Astroworld Festival: The family of a 21-year-old who died at last year’s festival settles a lawsuit against event organizers.


The family of a victim who was among 10 people killed in a crowd surge at a concert in Houston last year has settled a lawsuit against the event’s organizers, according to an attorney for the family.

A lawsuit by the estate of Axel Acosta Avila sought more than $750 million in damages after the 21-year-old college student died along with nine others at the Astroworld festival last November, which turned into chaos when rapper Travis Scott performed on stage.

Tony Buzbee, an attorney representing the family, confirmed the settlement to CNN in a written statement and said the terms are confidential.

“The victim Axel Acosta was a beloved son, brother and student. He was kind and loving. He misses a lot. Please keep his family in your prayers,” Buzbee said.

The Acosta family was among 125 plaintiffs suing event organizer Live Nation and headliner Scott. CNN reached out to representatives of Scott and Live Nation on Thursday.

The sold-out festival was one of the most anticipated music events of the year as much of the US was returning to normalcy after the Covid-19 pandemic shut down many social events.

Thousands attended, many from as far away as the country, including Acosta, who was a junior at Western Washington University.

But the festival turned into tragedy within minutes when concert-goers were trampled, trampled and struggling to breathe as the crowd surged towards the stage during Scott’s opening performance.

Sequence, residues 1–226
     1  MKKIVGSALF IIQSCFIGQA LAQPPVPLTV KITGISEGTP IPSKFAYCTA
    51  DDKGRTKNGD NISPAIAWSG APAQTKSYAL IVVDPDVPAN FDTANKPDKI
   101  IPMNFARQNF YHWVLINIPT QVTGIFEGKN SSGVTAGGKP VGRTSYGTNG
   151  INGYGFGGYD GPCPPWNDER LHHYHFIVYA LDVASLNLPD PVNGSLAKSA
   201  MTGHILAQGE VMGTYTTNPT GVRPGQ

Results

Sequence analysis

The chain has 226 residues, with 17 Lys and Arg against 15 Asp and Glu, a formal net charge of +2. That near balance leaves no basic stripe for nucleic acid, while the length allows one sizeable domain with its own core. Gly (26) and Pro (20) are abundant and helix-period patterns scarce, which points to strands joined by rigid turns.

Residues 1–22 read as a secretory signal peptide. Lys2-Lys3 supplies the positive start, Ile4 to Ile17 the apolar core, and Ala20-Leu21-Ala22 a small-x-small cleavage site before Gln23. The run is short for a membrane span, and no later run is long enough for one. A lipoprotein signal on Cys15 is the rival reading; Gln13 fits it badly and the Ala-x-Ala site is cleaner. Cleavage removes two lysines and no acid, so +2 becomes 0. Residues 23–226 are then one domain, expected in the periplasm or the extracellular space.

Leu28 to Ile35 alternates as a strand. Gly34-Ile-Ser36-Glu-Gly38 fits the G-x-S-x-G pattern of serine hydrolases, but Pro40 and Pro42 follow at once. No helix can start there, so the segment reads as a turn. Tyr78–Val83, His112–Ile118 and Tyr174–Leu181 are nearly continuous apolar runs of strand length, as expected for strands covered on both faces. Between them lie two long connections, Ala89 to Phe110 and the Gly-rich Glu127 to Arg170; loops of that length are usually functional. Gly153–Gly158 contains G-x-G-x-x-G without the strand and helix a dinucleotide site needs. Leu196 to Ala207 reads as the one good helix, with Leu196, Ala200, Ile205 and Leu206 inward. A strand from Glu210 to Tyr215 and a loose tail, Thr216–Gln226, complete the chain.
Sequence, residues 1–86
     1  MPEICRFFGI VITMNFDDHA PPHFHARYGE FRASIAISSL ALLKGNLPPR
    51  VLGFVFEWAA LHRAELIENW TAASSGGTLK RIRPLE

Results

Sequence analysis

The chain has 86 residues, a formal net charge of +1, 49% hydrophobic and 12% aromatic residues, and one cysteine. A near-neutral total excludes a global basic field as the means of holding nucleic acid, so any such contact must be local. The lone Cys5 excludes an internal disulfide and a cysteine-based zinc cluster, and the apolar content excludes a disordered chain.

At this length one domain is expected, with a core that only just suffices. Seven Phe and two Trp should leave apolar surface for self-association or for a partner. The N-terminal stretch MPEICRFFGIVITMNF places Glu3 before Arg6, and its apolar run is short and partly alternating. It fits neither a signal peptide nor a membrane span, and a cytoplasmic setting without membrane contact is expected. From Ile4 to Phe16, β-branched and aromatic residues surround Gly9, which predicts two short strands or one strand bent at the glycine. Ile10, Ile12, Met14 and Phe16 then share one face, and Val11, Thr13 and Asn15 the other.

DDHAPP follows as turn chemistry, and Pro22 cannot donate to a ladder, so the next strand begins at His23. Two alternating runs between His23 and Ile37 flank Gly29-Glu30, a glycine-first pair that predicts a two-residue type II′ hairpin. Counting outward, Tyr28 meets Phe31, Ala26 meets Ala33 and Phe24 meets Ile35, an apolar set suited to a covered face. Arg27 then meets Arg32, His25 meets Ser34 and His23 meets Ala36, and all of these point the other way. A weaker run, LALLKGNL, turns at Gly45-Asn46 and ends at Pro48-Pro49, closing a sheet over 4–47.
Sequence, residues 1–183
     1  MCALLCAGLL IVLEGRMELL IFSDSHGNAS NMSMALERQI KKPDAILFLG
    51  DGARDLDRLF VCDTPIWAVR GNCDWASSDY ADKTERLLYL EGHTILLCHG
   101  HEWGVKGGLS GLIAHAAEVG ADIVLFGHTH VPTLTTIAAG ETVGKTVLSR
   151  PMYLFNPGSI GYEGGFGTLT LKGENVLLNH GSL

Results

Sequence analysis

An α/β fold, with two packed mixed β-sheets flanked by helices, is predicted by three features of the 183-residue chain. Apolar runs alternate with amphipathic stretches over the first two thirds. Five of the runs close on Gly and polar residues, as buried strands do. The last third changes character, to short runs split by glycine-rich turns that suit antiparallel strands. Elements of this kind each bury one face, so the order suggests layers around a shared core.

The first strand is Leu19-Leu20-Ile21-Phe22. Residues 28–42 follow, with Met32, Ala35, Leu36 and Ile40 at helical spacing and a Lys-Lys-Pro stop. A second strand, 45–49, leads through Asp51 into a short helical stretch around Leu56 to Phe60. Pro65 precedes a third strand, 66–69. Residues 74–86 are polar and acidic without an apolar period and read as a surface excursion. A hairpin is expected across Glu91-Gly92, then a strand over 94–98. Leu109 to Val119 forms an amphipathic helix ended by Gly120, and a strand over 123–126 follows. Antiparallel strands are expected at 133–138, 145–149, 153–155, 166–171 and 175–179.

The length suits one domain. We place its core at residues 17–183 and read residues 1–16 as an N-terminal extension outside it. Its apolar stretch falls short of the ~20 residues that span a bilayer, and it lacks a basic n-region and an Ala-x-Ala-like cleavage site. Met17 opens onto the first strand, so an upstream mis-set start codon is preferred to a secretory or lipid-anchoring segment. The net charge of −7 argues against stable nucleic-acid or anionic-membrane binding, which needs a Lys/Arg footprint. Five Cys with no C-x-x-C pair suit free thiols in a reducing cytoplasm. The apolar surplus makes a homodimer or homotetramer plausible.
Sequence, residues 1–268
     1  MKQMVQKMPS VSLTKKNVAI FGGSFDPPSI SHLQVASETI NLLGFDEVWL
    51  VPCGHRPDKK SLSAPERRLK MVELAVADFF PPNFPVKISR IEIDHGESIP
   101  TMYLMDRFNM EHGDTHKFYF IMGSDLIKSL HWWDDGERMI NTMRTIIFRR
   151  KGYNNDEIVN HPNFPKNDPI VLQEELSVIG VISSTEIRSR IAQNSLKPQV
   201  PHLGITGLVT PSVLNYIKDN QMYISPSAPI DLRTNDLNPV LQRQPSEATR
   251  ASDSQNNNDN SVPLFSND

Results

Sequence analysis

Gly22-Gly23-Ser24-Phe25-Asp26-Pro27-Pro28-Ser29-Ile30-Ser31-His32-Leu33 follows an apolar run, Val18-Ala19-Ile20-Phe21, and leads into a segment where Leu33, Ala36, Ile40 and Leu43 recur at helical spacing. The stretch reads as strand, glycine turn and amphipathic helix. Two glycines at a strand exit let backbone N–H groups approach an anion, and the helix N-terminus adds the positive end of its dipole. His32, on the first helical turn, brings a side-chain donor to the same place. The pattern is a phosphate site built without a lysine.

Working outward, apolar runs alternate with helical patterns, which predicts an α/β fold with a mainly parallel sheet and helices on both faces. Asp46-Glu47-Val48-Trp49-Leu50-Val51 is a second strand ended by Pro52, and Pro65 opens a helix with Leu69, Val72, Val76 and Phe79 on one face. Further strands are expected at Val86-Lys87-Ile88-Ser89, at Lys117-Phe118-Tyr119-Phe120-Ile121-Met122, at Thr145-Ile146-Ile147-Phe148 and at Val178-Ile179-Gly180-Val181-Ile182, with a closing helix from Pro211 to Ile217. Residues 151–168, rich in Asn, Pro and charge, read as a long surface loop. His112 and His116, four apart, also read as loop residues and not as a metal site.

Fire and police officials at the festival reported disturbing behavior in the early hours of the morning. A handful of injured concertgoers were taken to the hospital by ambulance during the morning and afternoon of the festival, Houston Fire Department records showed.

At the time, it was unclear what Scott saw from the stage and whether he was aware of crowd conditions, but he continued for nearly an hour after suffering a “crushing injury.”

The police also reported that several people were trampled and eliminated in front of the stage as the concerts continued.

The disturbance prompted officials to declare the concert a “mass incident,” police said at the time.

Scott didn’t hear about the mass casualty statement until the next morning, his lawyer said.

In a statement released after the deadly mob surge, Scott said he was “saddened by the situation and wants to share his condolences and help (the victims) as soon as possible.” He also offered to pay for the victims’ funerals.